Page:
> in refactoring toward better structure where it's needed, that sounds like
              > a good balance. Plus, if you can tell the difference between a death march
              > and what you're doing, that's a good sign!
              >
              > It would be interesting to have someone observe your team for a while and
              > see whether they noticed anything interesting, but it certainly
              > sounds like things are fairly healthy. It's hard for me to imagine a
              > long series of stories that aren't actually headed somewhere, somewhere
              > that we'd need to keep an eye on, but you seem confident that things are
              > going well.

              Like I've said before, it's not that the stories aren't heading anywhere.
              We have two areas of focus: 1) building customized solutions or special
              features for current or specific potential customers and 2) building general
              features that allow us to compete with similar businesses in the broad
              market and hopefully allows us to take some of their customers. The first
              category is the most dynamic. The second category does involve longer range
              objectives like "we'd like to have features X,Y,Z before the trade show
              because
              it will increases sales". However, features X, Y, Z may all be the "nice to
              have" type rather than an absolute need. Some of these features are rather
              complex and they are often more like incremental product definition (feature
              design at a functional level) than a description of existing requirements.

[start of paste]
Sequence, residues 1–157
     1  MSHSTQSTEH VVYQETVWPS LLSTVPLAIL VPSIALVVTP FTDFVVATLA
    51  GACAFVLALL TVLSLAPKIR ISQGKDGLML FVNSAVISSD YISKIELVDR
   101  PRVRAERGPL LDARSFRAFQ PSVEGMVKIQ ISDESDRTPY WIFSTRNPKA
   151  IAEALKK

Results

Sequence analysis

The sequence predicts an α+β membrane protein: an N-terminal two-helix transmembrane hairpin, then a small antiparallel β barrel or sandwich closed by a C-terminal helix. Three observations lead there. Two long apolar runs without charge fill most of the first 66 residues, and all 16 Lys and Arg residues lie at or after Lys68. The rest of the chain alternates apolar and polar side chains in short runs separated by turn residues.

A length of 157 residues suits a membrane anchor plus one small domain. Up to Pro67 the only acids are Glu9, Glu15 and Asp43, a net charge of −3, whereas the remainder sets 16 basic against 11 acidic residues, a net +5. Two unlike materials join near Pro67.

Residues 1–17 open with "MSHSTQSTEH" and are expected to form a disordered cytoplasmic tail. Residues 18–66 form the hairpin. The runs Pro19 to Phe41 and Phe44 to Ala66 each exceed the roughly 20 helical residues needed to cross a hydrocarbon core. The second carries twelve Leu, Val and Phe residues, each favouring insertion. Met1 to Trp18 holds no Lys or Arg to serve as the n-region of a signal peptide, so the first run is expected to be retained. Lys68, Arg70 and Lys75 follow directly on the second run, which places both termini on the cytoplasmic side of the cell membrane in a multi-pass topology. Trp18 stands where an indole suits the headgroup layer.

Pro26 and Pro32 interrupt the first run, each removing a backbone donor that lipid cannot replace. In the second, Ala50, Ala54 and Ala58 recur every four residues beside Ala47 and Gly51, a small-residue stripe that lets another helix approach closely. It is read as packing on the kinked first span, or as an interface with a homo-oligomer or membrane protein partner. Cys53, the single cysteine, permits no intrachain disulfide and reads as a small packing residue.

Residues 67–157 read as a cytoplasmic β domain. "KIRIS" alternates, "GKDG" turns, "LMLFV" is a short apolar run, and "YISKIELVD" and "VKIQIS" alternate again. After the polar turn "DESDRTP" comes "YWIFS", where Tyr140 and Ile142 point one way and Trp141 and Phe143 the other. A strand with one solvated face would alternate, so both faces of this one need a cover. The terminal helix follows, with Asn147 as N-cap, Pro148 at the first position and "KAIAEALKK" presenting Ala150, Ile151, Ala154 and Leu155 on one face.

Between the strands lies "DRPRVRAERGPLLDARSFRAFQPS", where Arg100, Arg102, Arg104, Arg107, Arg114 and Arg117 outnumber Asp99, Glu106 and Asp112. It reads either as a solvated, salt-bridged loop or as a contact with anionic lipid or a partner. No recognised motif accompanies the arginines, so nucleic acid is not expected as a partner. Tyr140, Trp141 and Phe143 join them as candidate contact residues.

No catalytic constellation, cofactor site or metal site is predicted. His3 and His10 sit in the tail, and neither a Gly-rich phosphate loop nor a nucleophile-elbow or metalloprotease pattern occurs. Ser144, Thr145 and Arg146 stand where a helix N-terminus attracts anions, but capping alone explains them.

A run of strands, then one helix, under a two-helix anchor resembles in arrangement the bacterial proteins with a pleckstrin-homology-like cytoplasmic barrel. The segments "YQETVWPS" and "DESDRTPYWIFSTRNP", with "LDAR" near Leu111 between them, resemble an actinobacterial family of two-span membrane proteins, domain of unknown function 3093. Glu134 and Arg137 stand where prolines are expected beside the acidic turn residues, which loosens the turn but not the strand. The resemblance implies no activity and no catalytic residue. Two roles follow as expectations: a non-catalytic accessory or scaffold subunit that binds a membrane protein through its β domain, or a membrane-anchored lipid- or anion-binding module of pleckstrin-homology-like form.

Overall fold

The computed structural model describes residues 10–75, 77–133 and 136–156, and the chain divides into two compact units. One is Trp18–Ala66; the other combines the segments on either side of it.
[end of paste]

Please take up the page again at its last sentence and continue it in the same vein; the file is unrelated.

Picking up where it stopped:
I haven't thought about it extensively, but my impression is that doing
              detailed definition of all the new product features up front may have
              similar disadvantages as BDUF for software.

              As we approach an objective, like having certain features for a tradeshow,
              we tradeoff the immediate business needs (the very dynamic ones) with the
              relatively stable long range goals. Many times this tradeoff analysis is
              more art than science. Based on these tradeoffs, which occur before the
              actual iteration planning meetings, the customer does a just-in-time final
              definition of the new product features to be implemented in that iteration
              or over the next few iterations.

              There are also higher level objectives related to our parent company's
              strategy for how we fit with the larger multibusiness organization. All
              these are taken into account when planning. In a sense, we are almost
              constantly preparing for planning through many informal discussions
              between development, management, and our customers about where we are
              going, why, and what's the best way to make money along the way.